Recently, Francine went to her favorite restaurant, Pesca, on the beautiful River Walk in San Antonio. The staff was warm and friendly, and the food was amazing. While she was waiting for her meal, the manager walked up and started a conversation with her. Francine told him how much she loved his restaurant, and that after her last meal at Pesca, she had gone home and tried (unsuccessfully) to recreate it for her husband. The manager then asked her for her e-mail address. To her surprise and delight, he offered to send the recipe. Though she hadn’t asked him for it, he knew she would love to have it.
The manager wants to provide those extras that will truly delight his customers. His approach is to simply talk with customers and listen for opportunities to meet or exceed their needs. He listens carefully for the clues that his customers give him. He admits that he can’t always find the right “thing” that would “surprise and delight,” but that it works a lot of the time.

Customer Loyalty and Beyond
The days when you simply needed to meet customers’ needs to succeed in business are over. Customers are more and more informed and demanding, and the merely satisfied customer is not necessarily going to be a loyal customer. Service needs to be taken to a higher level, beyond just satisfying customers. Customers’ expectations need to be exceeded. Studies have shown that when a company does that, it is far more likely to create loyal customers.
What will get a customer to remain loyal? Better yet, what will turn a loyal customer into your best source of advertising—customers who will tell their friends and family about your products and services? Simply put, you need to surprise and delight them. The following steps will help you do that:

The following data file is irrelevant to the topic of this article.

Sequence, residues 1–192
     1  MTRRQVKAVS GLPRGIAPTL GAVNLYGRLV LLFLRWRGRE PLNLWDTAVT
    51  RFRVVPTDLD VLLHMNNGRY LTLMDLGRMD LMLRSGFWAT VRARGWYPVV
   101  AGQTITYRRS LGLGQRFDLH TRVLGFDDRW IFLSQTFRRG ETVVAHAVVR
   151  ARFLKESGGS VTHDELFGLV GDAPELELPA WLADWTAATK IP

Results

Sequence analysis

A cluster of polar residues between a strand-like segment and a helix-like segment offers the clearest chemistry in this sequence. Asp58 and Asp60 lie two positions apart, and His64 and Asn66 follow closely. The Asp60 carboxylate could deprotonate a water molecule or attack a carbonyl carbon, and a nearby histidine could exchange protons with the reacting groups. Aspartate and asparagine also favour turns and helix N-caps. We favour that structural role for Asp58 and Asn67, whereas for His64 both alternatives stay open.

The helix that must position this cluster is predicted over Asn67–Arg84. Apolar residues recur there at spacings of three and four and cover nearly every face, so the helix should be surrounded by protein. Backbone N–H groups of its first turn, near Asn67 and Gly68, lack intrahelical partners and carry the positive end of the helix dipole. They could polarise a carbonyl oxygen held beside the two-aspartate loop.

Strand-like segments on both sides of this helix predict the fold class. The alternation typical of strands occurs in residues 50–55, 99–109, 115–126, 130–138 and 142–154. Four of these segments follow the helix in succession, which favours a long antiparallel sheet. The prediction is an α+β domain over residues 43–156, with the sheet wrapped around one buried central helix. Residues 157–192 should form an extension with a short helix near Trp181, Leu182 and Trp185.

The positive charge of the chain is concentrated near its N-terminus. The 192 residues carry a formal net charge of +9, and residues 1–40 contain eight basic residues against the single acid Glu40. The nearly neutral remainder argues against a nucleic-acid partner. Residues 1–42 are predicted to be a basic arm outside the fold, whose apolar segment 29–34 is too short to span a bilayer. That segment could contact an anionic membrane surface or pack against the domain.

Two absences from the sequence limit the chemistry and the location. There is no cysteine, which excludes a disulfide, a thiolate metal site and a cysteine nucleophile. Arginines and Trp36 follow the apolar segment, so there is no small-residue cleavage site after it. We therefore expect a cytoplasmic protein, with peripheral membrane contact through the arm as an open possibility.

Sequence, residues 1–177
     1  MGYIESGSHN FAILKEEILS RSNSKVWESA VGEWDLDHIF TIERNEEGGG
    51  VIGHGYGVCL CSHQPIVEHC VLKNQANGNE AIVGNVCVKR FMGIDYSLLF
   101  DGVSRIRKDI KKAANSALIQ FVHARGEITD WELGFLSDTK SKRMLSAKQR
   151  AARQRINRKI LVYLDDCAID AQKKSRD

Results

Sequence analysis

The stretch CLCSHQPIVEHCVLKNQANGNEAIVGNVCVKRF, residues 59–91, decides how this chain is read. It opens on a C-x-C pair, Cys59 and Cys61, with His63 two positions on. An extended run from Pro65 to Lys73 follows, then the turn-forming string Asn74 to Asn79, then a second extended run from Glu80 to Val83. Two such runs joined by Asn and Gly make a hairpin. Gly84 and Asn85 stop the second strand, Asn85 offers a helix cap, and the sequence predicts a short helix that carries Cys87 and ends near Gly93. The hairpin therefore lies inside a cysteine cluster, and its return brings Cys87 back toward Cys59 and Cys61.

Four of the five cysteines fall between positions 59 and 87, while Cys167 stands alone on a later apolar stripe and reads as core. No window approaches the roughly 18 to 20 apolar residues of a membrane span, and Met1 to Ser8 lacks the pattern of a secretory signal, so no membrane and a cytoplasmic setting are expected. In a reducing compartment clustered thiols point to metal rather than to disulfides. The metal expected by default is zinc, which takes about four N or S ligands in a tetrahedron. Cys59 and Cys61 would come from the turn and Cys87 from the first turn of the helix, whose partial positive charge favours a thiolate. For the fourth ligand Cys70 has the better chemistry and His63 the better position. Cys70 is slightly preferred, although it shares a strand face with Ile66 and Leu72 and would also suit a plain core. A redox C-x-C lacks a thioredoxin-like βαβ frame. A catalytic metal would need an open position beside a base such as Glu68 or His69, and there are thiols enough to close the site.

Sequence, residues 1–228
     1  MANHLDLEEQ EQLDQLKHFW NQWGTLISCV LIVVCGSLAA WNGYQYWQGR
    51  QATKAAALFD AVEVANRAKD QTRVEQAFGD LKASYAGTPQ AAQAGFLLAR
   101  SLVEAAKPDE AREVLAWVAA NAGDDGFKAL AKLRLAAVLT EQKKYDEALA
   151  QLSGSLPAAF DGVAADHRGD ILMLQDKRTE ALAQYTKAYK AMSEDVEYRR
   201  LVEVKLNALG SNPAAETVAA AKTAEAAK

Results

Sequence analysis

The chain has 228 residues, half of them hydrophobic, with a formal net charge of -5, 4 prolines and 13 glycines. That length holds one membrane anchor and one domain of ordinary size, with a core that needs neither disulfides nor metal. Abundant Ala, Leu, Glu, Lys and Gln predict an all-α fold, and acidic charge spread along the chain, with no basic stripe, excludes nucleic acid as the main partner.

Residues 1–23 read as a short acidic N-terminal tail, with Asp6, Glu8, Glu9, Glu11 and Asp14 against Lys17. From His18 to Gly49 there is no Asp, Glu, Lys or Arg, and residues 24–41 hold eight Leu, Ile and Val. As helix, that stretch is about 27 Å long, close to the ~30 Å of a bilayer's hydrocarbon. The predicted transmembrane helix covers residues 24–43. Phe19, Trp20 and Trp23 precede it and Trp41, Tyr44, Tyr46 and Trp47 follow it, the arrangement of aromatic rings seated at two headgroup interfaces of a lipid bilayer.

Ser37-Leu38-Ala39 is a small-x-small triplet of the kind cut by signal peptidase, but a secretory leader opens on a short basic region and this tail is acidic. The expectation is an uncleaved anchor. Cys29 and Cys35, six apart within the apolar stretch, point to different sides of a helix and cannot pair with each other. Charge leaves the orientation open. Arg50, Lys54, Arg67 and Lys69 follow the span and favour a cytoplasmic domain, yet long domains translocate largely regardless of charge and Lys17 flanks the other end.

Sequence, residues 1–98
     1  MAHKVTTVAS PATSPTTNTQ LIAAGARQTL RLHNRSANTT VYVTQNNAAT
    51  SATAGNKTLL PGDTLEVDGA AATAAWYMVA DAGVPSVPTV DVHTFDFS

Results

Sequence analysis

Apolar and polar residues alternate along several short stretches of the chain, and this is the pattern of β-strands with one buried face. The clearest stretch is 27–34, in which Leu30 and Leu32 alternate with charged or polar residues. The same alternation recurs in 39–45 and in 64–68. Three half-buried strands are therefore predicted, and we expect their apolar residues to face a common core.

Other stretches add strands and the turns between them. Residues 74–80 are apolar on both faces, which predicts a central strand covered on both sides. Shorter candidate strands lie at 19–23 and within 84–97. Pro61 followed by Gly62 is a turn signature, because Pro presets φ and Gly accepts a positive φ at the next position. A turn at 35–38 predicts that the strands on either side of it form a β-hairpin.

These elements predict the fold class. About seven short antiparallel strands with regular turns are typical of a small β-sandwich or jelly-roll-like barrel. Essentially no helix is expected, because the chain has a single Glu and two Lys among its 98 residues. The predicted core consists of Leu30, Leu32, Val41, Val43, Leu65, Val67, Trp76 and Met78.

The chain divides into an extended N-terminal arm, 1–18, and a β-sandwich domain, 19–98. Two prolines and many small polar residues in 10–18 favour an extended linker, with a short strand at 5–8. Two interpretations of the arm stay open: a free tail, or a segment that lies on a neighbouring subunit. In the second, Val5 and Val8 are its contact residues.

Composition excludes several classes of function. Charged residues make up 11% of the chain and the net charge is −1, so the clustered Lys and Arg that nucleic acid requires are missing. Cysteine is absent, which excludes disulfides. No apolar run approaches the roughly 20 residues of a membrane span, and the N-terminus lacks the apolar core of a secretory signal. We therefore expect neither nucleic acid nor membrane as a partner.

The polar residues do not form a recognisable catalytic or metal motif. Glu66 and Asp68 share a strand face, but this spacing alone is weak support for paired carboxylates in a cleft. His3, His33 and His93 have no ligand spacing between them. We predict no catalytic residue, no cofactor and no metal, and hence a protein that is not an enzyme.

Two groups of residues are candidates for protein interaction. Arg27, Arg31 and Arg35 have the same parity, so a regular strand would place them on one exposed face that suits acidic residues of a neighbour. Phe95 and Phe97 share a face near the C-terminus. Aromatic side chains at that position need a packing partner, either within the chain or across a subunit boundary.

1. Satisfy Your Customers
Before you make any effort to surprise and delight your customers, make sure you are doing a great job of satisfying them. Too often people rush into doing all the extras before making sure they have covered the basics. Make sure you are keeping your promises and providing good basic service.
How can you be sure you are doing what you need to do to satisfy your customers? Ask them. Survey your customers to see if you are providing the kind of service they expect. A good survey can be simple to create. Make sure you make it easy for your customers to answer; four or five questions will suffice. Also leave room for comments; customers often want to tell you about issues you didn’t think to ask about. If you get a negative comment, make sure to follow up with the customer and fix the problem.

2. Find Out What Your Competitors Do
Learn everything you can about your competition. Find out what they are doing for their customers. It is perfectly acceptable to use them as a benchmark and source of inspiration.

3. Discover What Your Customers Want
Every time you get a chance, engage your customers in a discussion about what they want and need. If you discover something you can do right away, do it. If you are not in a position to do what should be done, seek out someone else on your team and see if they will help you go the extra mile.

4. Make It Your Mission to Surprise and Delight
People who provide the best customer service say that it’s their personal mission to provide great service to each and every customer. If you decide that your mission is to surprise and delight, rather than simply make another sale, you will have a much higher success rate. Write out your mission statement and review it daily to remind yourself how important exceptional customer service is to you.

5. Make It Personal
Although you can and should have some customer service procedures in place for all your customers (e.g., provide a warm greeting, listen actively, etc.), providing exceptional customer service also means creating a unique experience for each customer and finding creative ways to give them something they did not expect.

When you hear the words “surprise and delight,” perhaps you think, “Okay, what’s it going to cost me?” But if you expect that the only way to surprise and delight is to spend, spend, spend, then I have some good news: some of the most effective ways to go beyond your customers’ expectations will cost you little or nothing. All you need is the right intent and a bit of creativity. Start by thinking about the small things you can do on a regular basis. Here are some low-cost examples:

The more you know about your customer, the more personal the service you can provide, and that personal touch will make all the difference in the world. Start engaging your customers, learn what will surprise and delight them—and then just do it!

LAURIE BROWN is an international trainer and consultant who
helps people improve their sales, service and presentation skills.
She is the author of
The Teleprompter Manual for Executives,
Politicians, Broadcasters and Speakers.
www.networkingtimes.com/link/brown